Statement on DEI from SRCD President Nancy E. Hill


Dear SRCD Members:  

The academic communities in Florida, Virginia, and Texas are experiencing unprecedented scrutiny of diversity, equity, and inclusion (DEI) programs in state university systems. The recently introduced legislation in Florida (HB 999) is particularly alarming as it would ban whole fields of study. Many of our members sit in critical positions that advance equitable research and advise their universities on equitable practices and proper representation.  
Historically, the developmental sciences have predominantly reflected privileged White Western cultures and experiences. However, developmental science is finally evolving to understand both normative developmental processes of people from diverse backgrounds, along with the intersectional experiences, and marginalization among diverse populations. This research is essential to the future of our field. SRCD condemns the banning of DEI instruction and majors. Policies that ban or diminish the study or reflection of diversity, equity, and inclusion run counter to the prevailing science, the direction of the scientific enterprise, and our mission and strategic goals at SRCD. Our mission is to advance the developmental science and promote the use of developmental research to improve human lives and one of our primary strategic aims is to “Integrate racial, cultural, economic, national and contextual diversity in all spheres of developmental science.” 

Our committees, task forces, and caucuses provide essential strategic advice to the Society on these issues. Such restrictive policies will significantly hamper our progress. The ways in which SRCD advances our mission and strategic goals pertaining to diversity equity and inclusion are seen clearly across our journals and through our conferences.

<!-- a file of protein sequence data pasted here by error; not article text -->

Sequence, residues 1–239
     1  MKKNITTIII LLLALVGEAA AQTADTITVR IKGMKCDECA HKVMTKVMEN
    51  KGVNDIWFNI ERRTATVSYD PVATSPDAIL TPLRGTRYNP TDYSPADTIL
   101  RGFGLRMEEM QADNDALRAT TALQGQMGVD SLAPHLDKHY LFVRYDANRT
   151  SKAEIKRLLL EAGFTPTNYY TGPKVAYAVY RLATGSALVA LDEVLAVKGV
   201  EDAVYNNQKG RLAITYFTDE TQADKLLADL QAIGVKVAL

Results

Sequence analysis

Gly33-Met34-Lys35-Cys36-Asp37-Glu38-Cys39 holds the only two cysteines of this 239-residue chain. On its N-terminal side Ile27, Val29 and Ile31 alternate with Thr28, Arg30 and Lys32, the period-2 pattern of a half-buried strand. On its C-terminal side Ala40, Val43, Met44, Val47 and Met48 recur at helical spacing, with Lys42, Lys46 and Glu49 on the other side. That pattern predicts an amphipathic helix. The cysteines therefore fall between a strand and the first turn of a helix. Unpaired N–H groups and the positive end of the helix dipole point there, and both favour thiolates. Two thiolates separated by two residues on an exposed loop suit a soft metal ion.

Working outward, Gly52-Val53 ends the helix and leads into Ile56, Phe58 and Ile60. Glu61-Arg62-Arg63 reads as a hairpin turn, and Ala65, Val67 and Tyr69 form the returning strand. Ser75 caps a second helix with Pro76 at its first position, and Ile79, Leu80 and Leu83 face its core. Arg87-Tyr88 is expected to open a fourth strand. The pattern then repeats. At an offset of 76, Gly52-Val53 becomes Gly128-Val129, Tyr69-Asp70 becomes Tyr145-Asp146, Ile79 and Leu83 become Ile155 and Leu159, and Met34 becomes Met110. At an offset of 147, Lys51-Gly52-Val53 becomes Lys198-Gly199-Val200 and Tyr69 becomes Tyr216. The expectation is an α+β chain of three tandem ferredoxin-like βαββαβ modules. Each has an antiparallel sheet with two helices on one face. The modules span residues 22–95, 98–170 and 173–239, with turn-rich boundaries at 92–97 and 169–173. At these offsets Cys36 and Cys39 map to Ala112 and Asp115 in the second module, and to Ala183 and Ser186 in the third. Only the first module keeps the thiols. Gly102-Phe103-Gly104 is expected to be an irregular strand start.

Reflective of our commitment to a diverse and fully representative developmental science, SRCD’s Special Topic Meeting “Construction of the ‘Other’: Development, Consequences, and Applied Implications of Racism, Prejudice, and Discrimination” was held in Puerto Rico in 2022. In the context of increasing overt racism, marginalization, and profiling in our societies, this conference highlighted our growing interdisciplinary understanding of how prejudice and discrimination are socialized, manifested, and perpetuated and the means and mechanisms children, youth, and families engage in to protect themselves from the negative sequalae of being “othered.”  

Further, SRCD’s Special Topic Meeting “Toward a Holistic Developmental Science: Catalyzing Transdisciplinary, Multisector Collaborations to Understand and Support Human Development” (#HolisticDevScience), held in St. Louis in 2022, emphasized the need for developmental science to reflect the diversity of the human experience and be understood among the diverse communities in which children, youth, and families reside. For the developmental sciences to embrace the diversity of normative development more fully, the field needs research that is informed by the communities, practitioners, and policy makers and individuals. 

Finally, for our upcoming Biennial Meeting in Salt Lake City research, research focused on antiracism or interventions, Indigenous children and families, the impact of displacement due to involuntary and forced migration, and environmental justice are featured. This conceptual and empirical research increases our understanding of human development in diverse contexts and the impacts of inequalities and marginalization. 

To this end, SRCD has signed on to the ACLS letter that underscores the importance of academic freedom and will continue to lend our voice to coalitions addressing this issue. We encourage members to reach out to their state and local representatives with the following resources to advocate for the necessity of DEI programs in higher education and demand the removal of any bans on DEI instruction.   


American Association of University Professors 

Scholars Strategy Network Resources 

Nancy E. Hill, Ph.D.
SRCD President
Nancy E. Hill